Profit From The Fed’s Misguided Forecast – XLY, XLE, XLI

| September 24, 2014

Federal ReserveOver the last few weeks, the Fed and other central banks around the globe have taken center stage in the financial world.

I’ve never seen more speculation about the Fed’s ‘dot plot’ about the committee member’s expectations for interest rates. In my opinion, it’s gotten a bit ridiculous.

In short, the latest data indicates that the Fed will raise interest rates faster than previously expected in 2016 and 2017.

One thing the Fed has proven time and time again is they can’t predict the future. In fact, they suck at it. Their predictions have proven to be too optimistic.

They’ve gotten it wrong about the pace of job growth, wage growth, economic growth, inflation, and just about everything else time and time again.

So why do we give these guys’ predictions about where interest rates will be in 18 to 30 months any thought at all?

What’s more, the one thing the Fed has proven to be is flexible and willing to change and adapt to economic data.

So we’re likely to see the Fed’s ‘dot plot’ change dramatically as the economic data doesn’t match the FOMC members expectations… and given their history, I’d say there’s about a 99.9% chance the Fed is wrong on this one too.

And I’m not the only one who thinks the Fed’s outlook for interest rates is wrong…

Just look at the market’s expectations for inflation over the next five years. Annual inflation expectations have fallen from about 2.1% in July to around 1.65% today.

In other words, the market thinks that if the Fed raises interest rates at the rate their new ‘dot plot’ indicates, they will kill economic growth, inflation will fall below their 2% target, and the US Dollar will continue to soar in value versus other global currencies.

Here’s the thing… none of that is going to happen.


Simple, the Fed’s not going to raise interest rates if there’s no inflation, if economic growth is stagnant, and if job growth doesn’t lead to wage growth.

They know inflation expectations are just as important, if not more important, than the current rate of inflation. The dramatic drop in inflation expectations for the next five years is sending the Fed a message. And it’s one they won’t ignore.

The bottom line is investors have overreacted to the latest Fed news. And we’ll likely see the Fed pull back from their slightly hawkish outlook.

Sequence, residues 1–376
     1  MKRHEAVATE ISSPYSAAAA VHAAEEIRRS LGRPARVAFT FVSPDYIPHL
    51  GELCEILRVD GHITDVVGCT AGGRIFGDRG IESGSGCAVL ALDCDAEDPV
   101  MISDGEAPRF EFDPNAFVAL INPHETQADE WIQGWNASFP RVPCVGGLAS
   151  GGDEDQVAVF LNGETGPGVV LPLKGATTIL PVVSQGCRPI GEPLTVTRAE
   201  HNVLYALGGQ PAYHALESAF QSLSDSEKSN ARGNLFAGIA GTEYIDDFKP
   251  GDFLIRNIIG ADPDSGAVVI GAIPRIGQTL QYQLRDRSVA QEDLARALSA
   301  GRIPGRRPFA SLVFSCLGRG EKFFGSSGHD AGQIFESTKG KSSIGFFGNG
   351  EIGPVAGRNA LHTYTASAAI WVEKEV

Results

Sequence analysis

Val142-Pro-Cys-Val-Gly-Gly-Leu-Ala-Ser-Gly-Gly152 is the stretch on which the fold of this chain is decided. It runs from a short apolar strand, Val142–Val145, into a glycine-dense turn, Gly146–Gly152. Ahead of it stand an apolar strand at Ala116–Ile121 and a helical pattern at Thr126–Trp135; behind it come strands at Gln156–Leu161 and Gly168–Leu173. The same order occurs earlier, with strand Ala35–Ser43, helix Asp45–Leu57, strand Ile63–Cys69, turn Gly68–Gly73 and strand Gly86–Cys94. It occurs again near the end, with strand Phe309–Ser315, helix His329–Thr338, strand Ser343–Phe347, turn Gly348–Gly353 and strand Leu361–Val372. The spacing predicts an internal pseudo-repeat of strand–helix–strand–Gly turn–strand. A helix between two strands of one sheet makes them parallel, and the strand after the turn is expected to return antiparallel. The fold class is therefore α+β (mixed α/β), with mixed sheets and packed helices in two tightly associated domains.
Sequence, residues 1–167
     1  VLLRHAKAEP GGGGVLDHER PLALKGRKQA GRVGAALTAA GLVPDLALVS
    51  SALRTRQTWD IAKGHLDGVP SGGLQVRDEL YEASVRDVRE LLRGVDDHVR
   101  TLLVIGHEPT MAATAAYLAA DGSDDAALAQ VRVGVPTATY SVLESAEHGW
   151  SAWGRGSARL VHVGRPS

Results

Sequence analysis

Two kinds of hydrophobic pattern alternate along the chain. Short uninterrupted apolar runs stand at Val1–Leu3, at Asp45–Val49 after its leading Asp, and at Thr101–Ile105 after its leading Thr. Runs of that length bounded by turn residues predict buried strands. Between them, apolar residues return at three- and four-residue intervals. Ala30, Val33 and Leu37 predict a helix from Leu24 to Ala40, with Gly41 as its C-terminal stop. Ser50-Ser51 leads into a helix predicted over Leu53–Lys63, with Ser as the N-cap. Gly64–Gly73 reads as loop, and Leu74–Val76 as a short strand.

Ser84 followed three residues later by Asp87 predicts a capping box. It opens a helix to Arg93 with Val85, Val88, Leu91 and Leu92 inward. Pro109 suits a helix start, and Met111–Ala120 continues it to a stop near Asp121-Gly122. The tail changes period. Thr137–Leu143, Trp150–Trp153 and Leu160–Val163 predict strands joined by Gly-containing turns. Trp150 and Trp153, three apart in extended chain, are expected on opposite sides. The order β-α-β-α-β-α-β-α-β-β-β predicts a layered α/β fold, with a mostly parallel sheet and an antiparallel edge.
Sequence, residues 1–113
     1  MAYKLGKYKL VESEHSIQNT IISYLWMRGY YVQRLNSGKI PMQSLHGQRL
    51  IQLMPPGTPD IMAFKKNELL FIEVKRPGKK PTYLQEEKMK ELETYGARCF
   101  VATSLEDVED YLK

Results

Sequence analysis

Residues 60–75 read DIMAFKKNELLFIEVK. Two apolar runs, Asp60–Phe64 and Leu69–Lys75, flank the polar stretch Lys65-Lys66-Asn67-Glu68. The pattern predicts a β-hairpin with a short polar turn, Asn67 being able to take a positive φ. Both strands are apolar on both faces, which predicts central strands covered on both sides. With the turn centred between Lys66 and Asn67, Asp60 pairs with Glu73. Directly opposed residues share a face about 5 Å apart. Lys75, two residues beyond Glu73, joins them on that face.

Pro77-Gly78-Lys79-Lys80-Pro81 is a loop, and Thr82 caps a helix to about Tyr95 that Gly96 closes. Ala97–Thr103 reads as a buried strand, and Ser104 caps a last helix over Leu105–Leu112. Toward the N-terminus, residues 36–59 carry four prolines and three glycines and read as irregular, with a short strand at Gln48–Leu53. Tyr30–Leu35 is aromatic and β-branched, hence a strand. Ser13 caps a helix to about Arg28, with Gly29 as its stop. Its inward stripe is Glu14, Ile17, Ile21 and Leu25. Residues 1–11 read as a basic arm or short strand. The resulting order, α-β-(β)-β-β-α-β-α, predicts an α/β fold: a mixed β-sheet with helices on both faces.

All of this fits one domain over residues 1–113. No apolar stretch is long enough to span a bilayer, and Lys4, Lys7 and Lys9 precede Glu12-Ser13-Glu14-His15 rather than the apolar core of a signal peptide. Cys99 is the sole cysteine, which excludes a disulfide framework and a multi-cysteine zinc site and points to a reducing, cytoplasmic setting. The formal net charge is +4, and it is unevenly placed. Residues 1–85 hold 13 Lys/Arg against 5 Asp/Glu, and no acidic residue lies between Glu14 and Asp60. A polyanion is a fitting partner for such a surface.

As the Fed backtracks in the coming weeks, we’ll likely see a major reversal. Interest rate expectations will come down, inflation expectations will tick back toward 2%, and the US Dollar will weaken.

And more importantly, the same sectors that have be hit the hardest over the last few weeks will be the ones that bounce back the most.

The three US Sector ETFs that have been hit the hardest over the last month are Consumer Discretionary Select Sector SPDR (XLY), Energy Select Sector SPDR (XLE), and Industrial Select Sector SPDR (XLI).

If you’re looking for a way to profit from the Fed’s latest misguided forecast, I’d look at adding XLY, XLE, XLI, and any other ETF that has taken a beating. They should be the biggest winners when the Fed starts backtracking on their latest forecast.

Good Investing,

Corey Williams

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Category: ETFs, Sector ETFs

About the Author ()

Corey Williams is the editor of Sector ETF Trader, an investment advisory service focused on profiting from ETFs and the economic cycle. Under Corey’s leadership, the Sector ETF Trader has become one of the most popular and successful ETF advisories around. In addition to his groundbreaking service, Corey is the lead contributor to ETF Trading Research, where he shares his insights about ETFs and financial markets three times a week. He’s also a regular contributor to the Dynamic Wealth Report and the editor of one the hottest option trading services around – Elite Option Trader.

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